Now, that fact alone should have been a warning to me that O'Connor's advice was unlikely to be of any use to me. Just as it isn't possible to lose half your body weight unless you currently weigh twice as much as you need to, it isn't possible to cut $1,000 from your monthly spending unless you're currently wasting $12,000 a year. It's the same problem I've noted on this blog so many times before: most of the financial advice out there on the Web (and green-living advice as well) tends to focus on the easy stuff, the low-hanging fruit, and therefore isn't much use to those of us who already harvested it long ago. (That's why I always try on this blog to talk about newer ideas, or take new approaches to old ones. Instead of just saying, "Hang your laundry," I do the math to figure out how much I actually save by hanging my laundry, and then I discuss some of the less tangible benefits that make this activity worthwhile. Or I share new, budget-friendly vegetarian recipes that Brian has invented. Or I post a just-for-fun roundup of budget decorating ideas.)
Indeed, O'Connor himself concedes in his introductory post that most of his readers probably don't have $1,000 worth of fat to cut from their monthly budgets. The only reason he called it the $1,000 Challenge, he frankly admits, is "because it made a good headline"; a more realistic goal might be anywhere from $50 to $500 a month. So at this point, I knew two things about this author: 1) he used to be slack enough in his spending habits to have $12,000 worth of excess to cut, and 2) he doesn't care overmuch about accuracy, since he has no scruples using a deliberately misleading headline to get users to click on his article. Neither of which makes him sound like a great person to be taking financial advice from.
By this time, though, he'd managed to pique my interest. Even if I knew there was virtually no chance that his plan could actually save me $1,000 a month, I was still curious about how it had managed to save him $1,000 a month. Where had he managed to find that much excess to cut?
So I went ahead and read the next article in the series, which O'Connor calls "cleaning out your financial 'junk drawer.'" Just as most of us have a junk drawer in our homes, he says, in which we toss all sorts of odds and ends and then forget about them, so most of us have "odds and ends that pile up, unseen or at least unconsidered, usually on credit cards or via automated checking account debits." He says when he went over his family's monthly statements, he discovered several automatic payments of this sort. The worst of the lot was an old email account that he'd meant to keep open for just one year in case any of his old clients tried to use it and had ended up leaving open for over two years, at $25 a month. And then came the line that really boggled my mind:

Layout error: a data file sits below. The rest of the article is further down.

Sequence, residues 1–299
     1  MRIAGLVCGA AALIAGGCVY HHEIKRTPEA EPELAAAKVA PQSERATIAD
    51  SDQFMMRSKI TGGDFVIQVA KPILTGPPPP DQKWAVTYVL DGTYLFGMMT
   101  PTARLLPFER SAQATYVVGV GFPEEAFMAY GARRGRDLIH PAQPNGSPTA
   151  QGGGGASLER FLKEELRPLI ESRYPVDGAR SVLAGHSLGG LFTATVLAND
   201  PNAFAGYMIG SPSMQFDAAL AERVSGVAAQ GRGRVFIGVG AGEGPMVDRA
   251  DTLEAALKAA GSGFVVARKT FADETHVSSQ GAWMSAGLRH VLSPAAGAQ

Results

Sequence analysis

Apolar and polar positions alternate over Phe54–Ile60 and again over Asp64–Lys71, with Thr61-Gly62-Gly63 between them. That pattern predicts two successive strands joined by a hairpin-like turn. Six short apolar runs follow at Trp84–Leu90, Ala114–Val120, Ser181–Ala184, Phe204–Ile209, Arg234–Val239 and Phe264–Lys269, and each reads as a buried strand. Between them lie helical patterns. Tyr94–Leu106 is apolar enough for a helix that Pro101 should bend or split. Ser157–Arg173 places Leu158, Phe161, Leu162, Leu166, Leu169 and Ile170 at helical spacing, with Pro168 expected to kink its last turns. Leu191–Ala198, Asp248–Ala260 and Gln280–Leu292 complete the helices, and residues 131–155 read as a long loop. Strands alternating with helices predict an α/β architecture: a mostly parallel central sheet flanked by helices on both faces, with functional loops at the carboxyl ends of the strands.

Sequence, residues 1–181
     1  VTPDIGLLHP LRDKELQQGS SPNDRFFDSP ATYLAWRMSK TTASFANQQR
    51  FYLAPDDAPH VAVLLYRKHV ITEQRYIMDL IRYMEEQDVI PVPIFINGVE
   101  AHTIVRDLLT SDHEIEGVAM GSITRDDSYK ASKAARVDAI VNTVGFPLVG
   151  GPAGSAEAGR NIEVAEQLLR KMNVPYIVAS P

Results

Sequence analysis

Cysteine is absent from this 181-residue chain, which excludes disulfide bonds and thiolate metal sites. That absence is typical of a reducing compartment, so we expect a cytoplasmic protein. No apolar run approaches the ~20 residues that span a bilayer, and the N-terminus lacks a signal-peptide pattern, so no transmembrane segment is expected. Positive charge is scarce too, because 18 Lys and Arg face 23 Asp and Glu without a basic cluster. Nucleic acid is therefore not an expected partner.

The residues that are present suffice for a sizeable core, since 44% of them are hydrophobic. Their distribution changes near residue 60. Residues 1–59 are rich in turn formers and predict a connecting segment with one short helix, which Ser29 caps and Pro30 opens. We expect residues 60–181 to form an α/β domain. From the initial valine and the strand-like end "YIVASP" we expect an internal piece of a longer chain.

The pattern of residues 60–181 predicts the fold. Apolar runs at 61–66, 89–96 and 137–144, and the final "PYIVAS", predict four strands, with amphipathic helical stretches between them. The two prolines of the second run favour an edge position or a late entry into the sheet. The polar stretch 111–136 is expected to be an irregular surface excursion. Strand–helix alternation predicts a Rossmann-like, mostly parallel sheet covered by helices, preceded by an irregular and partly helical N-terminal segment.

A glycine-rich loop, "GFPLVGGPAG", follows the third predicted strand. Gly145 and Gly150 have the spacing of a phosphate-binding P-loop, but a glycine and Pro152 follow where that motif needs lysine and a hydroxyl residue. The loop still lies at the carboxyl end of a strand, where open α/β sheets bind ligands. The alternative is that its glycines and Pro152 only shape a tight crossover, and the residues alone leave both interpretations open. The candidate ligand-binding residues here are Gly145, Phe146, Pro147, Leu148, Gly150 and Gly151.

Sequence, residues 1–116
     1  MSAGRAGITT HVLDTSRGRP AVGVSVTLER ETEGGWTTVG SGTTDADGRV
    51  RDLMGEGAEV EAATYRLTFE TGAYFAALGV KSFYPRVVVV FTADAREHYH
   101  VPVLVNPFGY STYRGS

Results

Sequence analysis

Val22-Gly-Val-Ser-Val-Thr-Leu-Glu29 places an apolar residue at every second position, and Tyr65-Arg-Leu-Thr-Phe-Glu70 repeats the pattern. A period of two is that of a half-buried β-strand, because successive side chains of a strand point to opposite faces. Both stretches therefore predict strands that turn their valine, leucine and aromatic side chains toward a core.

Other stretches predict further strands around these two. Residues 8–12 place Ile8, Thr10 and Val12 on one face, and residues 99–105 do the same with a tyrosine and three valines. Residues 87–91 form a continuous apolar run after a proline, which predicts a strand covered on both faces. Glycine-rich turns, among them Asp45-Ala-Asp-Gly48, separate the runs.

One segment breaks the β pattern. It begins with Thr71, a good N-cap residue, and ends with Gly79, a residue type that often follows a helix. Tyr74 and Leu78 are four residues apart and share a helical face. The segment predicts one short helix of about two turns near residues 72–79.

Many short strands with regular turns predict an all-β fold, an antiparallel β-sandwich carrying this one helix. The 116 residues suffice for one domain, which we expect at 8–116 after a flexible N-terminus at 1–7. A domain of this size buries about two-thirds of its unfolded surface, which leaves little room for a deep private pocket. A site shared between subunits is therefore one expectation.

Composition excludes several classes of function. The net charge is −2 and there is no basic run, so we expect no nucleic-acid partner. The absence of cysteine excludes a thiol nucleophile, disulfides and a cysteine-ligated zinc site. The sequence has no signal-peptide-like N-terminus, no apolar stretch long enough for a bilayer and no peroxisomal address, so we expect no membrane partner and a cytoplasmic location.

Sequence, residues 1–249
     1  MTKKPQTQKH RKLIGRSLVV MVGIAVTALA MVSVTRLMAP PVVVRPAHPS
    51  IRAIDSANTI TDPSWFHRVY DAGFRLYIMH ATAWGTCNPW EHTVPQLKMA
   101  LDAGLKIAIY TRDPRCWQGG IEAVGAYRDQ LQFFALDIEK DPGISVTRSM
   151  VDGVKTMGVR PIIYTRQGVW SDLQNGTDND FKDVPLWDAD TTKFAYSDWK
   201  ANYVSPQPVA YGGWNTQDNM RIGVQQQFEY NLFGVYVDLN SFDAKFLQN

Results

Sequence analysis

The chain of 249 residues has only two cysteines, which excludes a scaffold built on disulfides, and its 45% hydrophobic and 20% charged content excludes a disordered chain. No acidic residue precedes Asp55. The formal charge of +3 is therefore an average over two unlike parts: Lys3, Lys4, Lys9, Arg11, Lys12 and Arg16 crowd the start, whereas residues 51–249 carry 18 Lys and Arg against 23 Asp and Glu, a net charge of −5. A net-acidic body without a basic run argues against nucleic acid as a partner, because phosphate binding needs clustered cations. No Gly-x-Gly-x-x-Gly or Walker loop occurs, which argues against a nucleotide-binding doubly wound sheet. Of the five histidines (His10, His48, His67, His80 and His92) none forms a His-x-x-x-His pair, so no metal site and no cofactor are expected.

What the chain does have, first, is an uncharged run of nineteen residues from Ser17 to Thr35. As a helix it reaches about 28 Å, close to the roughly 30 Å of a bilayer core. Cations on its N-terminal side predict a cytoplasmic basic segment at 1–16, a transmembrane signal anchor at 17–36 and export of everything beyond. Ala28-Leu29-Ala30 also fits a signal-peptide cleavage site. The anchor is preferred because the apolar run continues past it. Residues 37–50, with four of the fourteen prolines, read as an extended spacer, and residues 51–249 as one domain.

If I had been getting a bill in the mail every month for that e-mail account, and had to sit down, write a check, dig out my nifty return-address labels (I know they're around here somewhere), then find a stamp, I would have cancelled that account ages ago. But the charge went directly onto a credit card, where it was easy to overlook.Easy to overlook?!? How could you have a $25 charge on your credit card bill every single month for over two years and not notice it? When I get the bill for one of my credit cards, I don't pay it until I've gone through it line by line to make sure that all the charges match the amounts on my payment slips. (I actually had a minor dilemma last month over whether to call the company to dispute a charge of $25.76 at a restaurant, because the slip said we'd only paid $24.76—$20.76 for the bill and $4 for the tip. I only let it go because Brian said he couldn't be completely sure he hadn't written down different amounts on our copy and the restaurant's.) So if there were a $25 charge showing up every month for a service I was no longer using, I would definitely notice it was there. For O'Connor to simply "overlook" this charge on his bill, he must not have been checking his statements at all; he was probably just automatically paying the total (or worse yet, automatically paying just the minimum) without even bothering to look at the individual charges. His bill could have been loaded up with charges that were not only unnecessary but completely fraudulent, and he'd never have noticed they were there.
Reading that one line was enough to convince me to read no further. Knowing that this guy had been careless in his spending habits was one thing, but once I'd learned that he didn't even check his bills before paying them, I knew I wasn't about to trust his advice on anything money-related.
So, for all those who were hoping that this post was going to kick off a series on how I embarked on my own $1,000 Challenge, I'm sorry to disappoint you. I don't think I'll be cutting $1,000, or $500, or even $100 a month from our budget, and for a very good reason: because we don't have it to cut. If we had $100 worth of completely unnecessary spending in any particular category of our budget, I'm pretty sure we'd have found it and cut it already. But even if there actually are some hidden expenses lurking in our budget—some clever cost-cutting strategies that we somehow haven't heard about yet—I feel very confident that we're not going to learn about them from Brian O'Connor.